This article explores the Python scripts for encrypting and decrypting passwords in SQL Server using Azure Data Studio SQL Notebooks.Read more »
This article explores the Python SQL scripts in SQL Notebook of Azure Data Studio.Read more »
This article covers how to connect a Python application to Microsoft SQL Server using a 3rd party Python SQL library. The library that we are going to use is called “pyodbc”, which is freely available. We will use “pyodbc” to perform CRUD (Create Read Update and Delete) operations on a Microsoft SQL Server database.Read more »
The Python programming language is object oriented, easy to use and, widely used programming language. We can write simple Python SQL Scripts and it performs the task that is not easy to do with t-SQL.
Using Python SQL scripts is a powerful technical combination to help developers and database administrators to do data analytics activities. Python provides many useful modules to perform data computation and processing of data efficiently. We can run Python scripts starting from SQL Server 2017. We can create the ETL solutions to extract data from various sources and insert into SQL Server.Read more »
Power BI Desktop helps to visualize complex data with the help of inbuilt and custom visualizations. It allows integrating data from the various data sources and preparing visualization from it.
Microsoft recently integrated the Python programming language in the Power BI. Python is a powerful object-oriented language and is used by the data analyst and scientist to analyze complex datasets. We can now use the Python as a preview feature in the Power BI August 2018 release onwards. We can now use Python scripts to generate custom visualization. The combination of these technologies is akin to 1 + 1 = 3 or like the famous ad for Reese’s Peanut butter cups, when chocolate was introduced to Peanut Butter 😉Read more »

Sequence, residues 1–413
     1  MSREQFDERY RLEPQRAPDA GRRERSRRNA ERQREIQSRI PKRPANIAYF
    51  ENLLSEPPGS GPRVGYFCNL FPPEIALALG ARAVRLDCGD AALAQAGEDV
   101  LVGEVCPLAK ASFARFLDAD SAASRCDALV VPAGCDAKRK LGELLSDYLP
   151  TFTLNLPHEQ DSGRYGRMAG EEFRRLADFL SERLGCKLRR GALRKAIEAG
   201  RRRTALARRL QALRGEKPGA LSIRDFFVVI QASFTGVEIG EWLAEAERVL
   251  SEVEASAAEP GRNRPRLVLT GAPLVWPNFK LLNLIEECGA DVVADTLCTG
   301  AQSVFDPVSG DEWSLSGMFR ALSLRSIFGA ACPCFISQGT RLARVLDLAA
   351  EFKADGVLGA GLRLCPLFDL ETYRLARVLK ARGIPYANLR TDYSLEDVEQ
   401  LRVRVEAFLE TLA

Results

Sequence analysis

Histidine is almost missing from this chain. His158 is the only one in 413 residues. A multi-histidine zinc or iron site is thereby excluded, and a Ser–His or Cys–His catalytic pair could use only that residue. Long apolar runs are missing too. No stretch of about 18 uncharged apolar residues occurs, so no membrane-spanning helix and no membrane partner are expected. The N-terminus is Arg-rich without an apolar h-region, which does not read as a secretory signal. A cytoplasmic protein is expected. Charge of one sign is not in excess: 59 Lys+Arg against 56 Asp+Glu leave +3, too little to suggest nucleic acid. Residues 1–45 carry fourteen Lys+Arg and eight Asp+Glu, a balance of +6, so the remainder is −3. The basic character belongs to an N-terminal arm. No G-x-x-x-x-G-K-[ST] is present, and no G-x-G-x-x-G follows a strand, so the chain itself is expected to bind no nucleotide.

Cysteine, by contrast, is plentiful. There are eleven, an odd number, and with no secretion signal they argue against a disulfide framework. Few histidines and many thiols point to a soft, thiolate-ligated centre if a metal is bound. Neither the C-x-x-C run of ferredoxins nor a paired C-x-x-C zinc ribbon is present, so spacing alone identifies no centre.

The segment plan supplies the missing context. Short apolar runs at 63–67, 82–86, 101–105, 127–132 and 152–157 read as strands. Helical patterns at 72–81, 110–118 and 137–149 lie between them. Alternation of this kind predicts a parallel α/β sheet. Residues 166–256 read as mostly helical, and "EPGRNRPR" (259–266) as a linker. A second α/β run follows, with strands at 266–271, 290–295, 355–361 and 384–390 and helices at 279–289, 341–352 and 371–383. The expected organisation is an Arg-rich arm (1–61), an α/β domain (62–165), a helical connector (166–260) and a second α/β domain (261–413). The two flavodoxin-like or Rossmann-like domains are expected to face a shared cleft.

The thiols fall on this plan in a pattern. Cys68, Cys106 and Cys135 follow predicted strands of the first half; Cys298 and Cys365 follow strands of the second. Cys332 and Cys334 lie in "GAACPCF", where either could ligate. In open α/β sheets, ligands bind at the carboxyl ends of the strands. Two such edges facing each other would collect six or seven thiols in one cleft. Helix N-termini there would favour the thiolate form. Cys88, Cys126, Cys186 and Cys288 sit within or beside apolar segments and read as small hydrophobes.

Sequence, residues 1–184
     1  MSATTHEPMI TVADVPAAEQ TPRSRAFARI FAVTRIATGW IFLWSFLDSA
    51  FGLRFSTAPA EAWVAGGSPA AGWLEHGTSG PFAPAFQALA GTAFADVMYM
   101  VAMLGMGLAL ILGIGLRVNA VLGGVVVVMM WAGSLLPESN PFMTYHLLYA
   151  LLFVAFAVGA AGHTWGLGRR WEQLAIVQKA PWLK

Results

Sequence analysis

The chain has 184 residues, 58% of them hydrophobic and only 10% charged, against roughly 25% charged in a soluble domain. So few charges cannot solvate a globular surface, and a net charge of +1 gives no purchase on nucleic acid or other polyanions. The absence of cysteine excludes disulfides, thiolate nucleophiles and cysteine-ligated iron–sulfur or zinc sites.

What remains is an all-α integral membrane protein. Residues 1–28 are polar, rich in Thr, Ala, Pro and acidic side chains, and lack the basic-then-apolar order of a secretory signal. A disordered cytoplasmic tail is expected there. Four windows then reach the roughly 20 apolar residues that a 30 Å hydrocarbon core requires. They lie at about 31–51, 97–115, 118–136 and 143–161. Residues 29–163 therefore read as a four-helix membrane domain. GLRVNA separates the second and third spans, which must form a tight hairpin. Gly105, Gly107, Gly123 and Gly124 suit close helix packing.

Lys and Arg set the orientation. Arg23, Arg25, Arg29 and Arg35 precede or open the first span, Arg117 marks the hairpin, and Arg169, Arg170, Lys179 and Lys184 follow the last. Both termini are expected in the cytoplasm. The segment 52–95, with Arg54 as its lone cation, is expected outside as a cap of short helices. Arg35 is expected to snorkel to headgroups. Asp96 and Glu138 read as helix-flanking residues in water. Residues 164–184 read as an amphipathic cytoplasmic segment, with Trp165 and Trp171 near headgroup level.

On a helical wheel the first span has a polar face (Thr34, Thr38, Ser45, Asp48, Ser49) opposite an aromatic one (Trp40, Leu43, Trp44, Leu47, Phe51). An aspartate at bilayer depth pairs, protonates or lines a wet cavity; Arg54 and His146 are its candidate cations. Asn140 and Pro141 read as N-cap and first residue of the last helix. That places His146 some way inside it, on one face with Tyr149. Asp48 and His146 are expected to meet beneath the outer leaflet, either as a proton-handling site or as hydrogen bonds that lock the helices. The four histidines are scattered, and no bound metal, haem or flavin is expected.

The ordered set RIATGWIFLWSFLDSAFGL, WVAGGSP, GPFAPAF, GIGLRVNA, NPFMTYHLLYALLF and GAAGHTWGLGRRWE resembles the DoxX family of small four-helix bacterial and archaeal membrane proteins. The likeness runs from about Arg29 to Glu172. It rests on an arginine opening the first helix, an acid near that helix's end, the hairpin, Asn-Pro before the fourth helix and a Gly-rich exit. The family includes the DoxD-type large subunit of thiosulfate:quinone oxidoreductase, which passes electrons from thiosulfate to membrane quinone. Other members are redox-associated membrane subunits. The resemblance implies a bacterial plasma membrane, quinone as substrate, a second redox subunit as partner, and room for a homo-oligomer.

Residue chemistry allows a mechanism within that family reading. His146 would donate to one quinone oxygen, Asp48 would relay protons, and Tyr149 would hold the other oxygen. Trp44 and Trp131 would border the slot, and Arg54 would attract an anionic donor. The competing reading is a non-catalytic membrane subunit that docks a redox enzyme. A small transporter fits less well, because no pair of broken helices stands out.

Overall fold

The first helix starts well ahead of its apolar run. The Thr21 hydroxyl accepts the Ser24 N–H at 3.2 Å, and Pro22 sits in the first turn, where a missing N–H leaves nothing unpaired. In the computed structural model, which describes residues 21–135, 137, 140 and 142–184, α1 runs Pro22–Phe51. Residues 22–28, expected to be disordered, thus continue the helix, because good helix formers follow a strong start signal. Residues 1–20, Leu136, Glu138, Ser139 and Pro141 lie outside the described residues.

With the introduction of SQL Machine Learning Services, it is now possible to run Python Scripts from any SQL Server client such as SQL Server Management Studio. In addition to directly running the Python Scripts on SQL Server Clients, you can write Python Code on native Python editors and run it remotely on SQL Server using Python clients for SQL Server.
In this article, we will see how to execute some of the basic Python functionalities within SQL Server Management Studio. The article provides an introduction to running basic Python scripts in SQL Server Management Studio.Read more »
Some of my previous articles on Python provided insight of the basics and the usage of Python in SQL Server 2017.
- Why would a SQL Server DBA be interested in Python
- An overview of Python vs PowerShell for SQL Server Database Administration
- Data Interpolation and Transformation using Python in SQL Server 2017
This article is an effort to collect all the missing pieces and try to showcase the importance of using Python programming in SQL Server.Read more »